FIFTEEN years ago, former Japanese finance minister Koji Omi founded a non-profit organisation called the Science and Technology for Society (STS) forum in Kyoto.
It was a visionary move, born out of a realisation from this illustrious politician and technocrat — a mentor to several Japanese prime ministers — that science and technology should be harnessed for humankind.
However, that message needs to be conveyed to the public through dialogue among stakeholders.
The three-day forum, held annually in autumn, draws an average of 1,000 participants, including Nobel laureates, politicians, government officials, academics and corporate figures.
It is considered by some to be the science equivalent of theWorld Economic Forum.
The advances in science and technology have brought prosperity and enriched the quality of life for humankind.
However, the progress in science and technology raises ethical, safety and environmental issues: negative applications are threatening humankind’s future. And the speed of advances in science and technology is expected to accelerate.
For sustainable human development in the 21st century, wisdom must be exercised to keep it under control.
In that sense, the most pressing problems we face today include harmonising economic development with global warming, preventing terrorism, controlling infectious diseases and assessing potential health benefits and ethical factors relating to cloning technology.
International efforts to address these problems are needed now more than ever. This is what symbolises the “lights and shadows of science and technology”, to use a term coined by Omi.
Opportunities need to be taken, but the risks must also be reigned in. Health, meeting energy needs, and other aspects of human welfare are dependent on progress in science and technology.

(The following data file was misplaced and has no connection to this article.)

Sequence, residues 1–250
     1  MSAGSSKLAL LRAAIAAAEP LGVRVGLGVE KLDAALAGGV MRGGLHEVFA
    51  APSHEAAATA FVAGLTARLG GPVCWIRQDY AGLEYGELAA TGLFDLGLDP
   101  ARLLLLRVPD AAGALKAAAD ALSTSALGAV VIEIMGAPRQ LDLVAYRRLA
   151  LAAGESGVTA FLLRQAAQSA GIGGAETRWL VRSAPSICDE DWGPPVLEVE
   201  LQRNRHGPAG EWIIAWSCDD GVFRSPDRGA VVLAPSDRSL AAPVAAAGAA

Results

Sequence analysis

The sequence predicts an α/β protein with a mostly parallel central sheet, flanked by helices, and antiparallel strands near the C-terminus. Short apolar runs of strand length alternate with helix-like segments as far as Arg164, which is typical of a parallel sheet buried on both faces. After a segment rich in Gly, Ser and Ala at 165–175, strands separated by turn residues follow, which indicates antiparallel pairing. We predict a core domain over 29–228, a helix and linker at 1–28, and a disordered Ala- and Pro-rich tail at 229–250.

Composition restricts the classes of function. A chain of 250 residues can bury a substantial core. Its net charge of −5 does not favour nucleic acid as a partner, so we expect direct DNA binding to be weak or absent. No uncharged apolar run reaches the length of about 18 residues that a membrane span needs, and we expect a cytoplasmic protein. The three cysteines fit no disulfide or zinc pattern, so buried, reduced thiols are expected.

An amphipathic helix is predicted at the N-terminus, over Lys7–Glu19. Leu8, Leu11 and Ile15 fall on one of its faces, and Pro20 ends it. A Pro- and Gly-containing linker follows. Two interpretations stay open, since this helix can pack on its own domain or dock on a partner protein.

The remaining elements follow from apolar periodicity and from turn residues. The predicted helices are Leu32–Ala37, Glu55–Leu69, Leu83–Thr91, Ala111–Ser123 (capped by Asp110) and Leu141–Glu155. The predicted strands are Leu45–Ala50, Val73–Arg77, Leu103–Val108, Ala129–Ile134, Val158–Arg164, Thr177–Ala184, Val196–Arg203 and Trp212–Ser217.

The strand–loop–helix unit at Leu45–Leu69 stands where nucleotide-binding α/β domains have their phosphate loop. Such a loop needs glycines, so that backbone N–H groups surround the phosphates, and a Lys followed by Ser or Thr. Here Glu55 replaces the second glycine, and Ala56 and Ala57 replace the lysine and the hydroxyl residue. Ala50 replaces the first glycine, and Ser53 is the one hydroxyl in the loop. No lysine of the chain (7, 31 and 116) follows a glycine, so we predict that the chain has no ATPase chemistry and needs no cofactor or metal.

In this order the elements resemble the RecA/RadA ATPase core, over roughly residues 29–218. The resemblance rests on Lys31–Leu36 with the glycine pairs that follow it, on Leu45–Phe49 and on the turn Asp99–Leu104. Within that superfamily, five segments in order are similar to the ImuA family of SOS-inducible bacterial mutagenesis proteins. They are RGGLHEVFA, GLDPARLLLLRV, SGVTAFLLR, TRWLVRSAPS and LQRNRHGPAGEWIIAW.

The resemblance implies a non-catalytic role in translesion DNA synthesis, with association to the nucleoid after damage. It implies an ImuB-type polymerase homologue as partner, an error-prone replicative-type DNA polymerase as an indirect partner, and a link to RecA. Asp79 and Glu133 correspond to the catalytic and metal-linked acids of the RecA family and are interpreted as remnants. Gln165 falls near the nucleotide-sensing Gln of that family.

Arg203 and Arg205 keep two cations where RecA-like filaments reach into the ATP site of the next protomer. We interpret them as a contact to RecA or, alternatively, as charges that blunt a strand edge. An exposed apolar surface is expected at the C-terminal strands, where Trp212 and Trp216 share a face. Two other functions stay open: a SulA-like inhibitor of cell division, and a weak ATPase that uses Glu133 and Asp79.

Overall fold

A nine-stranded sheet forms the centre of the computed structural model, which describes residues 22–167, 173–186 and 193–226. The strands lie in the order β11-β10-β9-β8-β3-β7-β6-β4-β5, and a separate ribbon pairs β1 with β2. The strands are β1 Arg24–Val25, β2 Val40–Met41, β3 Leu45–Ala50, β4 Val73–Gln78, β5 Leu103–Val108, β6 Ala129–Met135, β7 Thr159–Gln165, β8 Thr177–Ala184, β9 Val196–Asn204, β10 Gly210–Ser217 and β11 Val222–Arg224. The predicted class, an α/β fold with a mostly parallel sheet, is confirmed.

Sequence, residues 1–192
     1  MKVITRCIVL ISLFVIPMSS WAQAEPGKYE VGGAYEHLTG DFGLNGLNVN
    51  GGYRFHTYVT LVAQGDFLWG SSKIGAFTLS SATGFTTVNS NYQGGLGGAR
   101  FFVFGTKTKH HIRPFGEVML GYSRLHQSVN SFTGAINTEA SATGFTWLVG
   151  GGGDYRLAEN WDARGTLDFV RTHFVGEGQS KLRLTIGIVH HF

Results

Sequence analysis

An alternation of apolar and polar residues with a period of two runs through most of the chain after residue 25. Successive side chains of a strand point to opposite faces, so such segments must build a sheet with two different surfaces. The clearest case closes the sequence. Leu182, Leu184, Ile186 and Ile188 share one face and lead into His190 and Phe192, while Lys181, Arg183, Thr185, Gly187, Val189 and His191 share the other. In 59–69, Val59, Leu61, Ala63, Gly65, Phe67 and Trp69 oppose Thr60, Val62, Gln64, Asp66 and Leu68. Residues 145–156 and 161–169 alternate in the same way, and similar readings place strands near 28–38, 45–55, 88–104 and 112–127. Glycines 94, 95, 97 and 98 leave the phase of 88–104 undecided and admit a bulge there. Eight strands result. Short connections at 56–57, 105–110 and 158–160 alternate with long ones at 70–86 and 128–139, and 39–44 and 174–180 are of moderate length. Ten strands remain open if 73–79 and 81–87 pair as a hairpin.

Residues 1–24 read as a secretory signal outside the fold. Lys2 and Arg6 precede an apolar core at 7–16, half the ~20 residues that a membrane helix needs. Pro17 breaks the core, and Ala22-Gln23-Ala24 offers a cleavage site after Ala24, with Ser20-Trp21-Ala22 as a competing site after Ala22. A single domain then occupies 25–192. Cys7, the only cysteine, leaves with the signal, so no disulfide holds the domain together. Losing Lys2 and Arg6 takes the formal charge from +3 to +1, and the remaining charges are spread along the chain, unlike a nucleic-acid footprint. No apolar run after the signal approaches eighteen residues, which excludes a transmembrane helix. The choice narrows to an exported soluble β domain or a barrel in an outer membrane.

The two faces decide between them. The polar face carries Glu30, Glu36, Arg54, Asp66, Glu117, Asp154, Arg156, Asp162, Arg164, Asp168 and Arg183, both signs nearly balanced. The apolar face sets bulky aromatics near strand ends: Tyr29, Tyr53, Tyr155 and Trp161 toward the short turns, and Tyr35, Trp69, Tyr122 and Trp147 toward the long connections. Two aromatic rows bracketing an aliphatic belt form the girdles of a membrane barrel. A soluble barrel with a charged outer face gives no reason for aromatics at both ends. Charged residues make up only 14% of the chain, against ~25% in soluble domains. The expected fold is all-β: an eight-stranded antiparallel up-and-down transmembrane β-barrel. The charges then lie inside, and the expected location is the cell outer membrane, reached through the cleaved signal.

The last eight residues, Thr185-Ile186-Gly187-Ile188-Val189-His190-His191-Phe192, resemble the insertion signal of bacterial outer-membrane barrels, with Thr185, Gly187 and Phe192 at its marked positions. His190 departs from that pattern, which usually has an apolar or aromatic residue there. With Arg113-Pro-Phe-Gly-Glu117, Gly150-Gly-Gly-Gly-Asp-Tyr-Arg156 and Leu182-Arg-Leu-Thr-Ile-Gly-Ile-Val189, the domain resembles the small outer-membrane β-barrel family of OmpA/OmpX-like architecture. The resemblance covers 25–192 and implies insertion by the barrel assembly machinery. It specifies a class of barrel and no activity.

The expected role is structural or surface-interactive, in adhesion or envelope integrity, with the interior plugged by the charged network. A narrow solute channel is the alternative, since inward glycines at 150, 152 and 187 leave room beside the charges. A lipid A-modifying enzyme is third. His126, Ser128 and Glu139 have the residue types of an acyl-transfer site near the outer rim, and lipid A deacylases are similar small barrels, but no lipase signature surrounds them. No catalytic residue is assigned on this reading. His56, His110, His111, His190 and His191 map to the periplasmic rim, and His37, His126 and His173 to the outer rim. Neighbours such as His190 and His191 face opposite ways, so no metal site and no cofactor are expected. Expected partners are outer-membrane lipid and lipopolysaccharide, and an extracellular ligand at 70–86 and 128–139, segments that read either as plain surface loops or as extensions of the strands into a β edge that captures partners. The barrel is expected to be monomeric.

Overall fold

At the same time, the benefits of science and technology are not reaching a major part of the world’s people. The barriers to seizing the opportunities for using science and technology to solve the problems of humankind need to be discussed.
In some ways, we have begun to do that. For example, during deliberations on the Sustainable Development Goals that led to the 2030 Development Agenda, the Scientific Advisory Board (SAB) of the UN secretary-general put up proposals on the role of science, technology and innovation to realise the aspiration of sustainable development.
SAB contends that science is a public good and deserves to be valued more highly and used effectively by decision-makers at all levels.
But science requires more resources to become the game-changer it could be in dealing with global challenges.
As an example, SAB says that scientists and engineers improved the efficiency of solar panels and wind turbines faster than had been expected, raising the hope that we can reduce our dependency on fossil fuels.
Because the problems we face are becoming increasingly complex against the backdrop of globalisation and international competition, they are beyond the control of one country.
These issues are also beyond the control of scientists, because many of the problems will find solutions through changes in social systems, international collaboration, global networks, and the building of common rules.
The time has come for not only scholars and researchers, but also world policymakers, business leaders and media practitioners to meet and discuss science and technology issues in the 21st century.
The forum provides a novel mechanism for open discussions on an informal basis, and to build a human network that would, in time, resolve problems arising from applications of science and technology.
The forum will explore opportunities and how to remove barriers to the use of science and technology to solve problems facing humankind.
Forum members are expected to participate, not as representatives of their country or organisation, but as individuals expressing their own views.
This forum is not necessarily a platform for specialists to unilaterally convey their knowledge, but rather an opportunity for dialogue among peers.
Participants should undertake cross-border activities for the establishment of shared values and commitment for the future.
The forum has since reached out beyond Kyoto. It is most active in the Asean region.
With a population of 600 million, 50 per cent of whom are under 30, the region is a barometer of things to come for the rest of the world.
The Asean-Japan STS forum is an annual event first launched in Singapore in 2014, followed by Malaysia, Thailand, Indonesia and the Philippines.
Topics range from capacity building and preparing the workforce of the future to smart cities for sustainable development and collaboration among the R&D community, industries and government for successful innovation.
While we must be cautious and mindful of the “shadows” in science and technology, we must also be confident and hopeful of the many “lights” it sheds on to bring about a brighter and sustainable future for the world.
The writer is a council member of the STS forum and a senior fellow of the Academy of Sciences Malaysia